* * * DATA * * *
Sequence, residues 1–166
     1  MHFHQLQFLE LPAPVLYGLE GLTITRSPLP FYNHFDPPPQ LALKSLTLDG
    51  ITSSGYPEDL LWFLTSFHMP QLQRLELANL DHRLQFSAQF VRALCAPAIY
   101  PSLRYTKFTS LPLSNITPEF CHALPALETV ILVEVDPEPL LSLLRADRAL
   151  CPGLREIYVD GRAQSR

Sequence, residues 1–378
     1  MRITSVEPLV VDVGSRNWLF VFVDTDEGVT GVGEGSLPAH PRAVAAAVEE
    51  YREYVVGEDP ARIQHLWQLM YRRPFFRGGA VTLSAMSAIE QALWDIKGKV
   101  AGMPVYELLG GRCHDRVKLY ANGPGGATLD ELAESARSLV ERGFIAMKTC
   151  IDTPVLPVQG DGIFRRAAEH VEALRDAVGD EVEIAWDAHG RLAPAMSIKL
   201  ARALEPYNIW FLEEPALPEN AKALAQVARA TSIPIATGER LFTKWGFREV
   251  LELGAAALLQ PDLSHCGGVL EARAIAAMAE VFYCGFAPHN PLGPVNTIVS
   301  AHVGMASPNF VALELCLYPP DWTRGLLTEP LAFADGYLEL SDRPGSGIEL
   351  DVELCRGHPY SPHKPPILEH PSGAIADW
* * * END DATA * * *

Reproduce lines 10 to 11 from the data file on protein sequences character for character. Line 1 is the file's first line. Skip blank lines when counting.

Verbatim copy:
   151  IDTPVLPVQG DGIFRRAAEH VEALRDAVGD EVEIAWDAHG RLAPAMSIKL
   201  ARALEPYNIW FLEEPALPEN AKALAQVARA TSIPIATGER LFTKWGFREV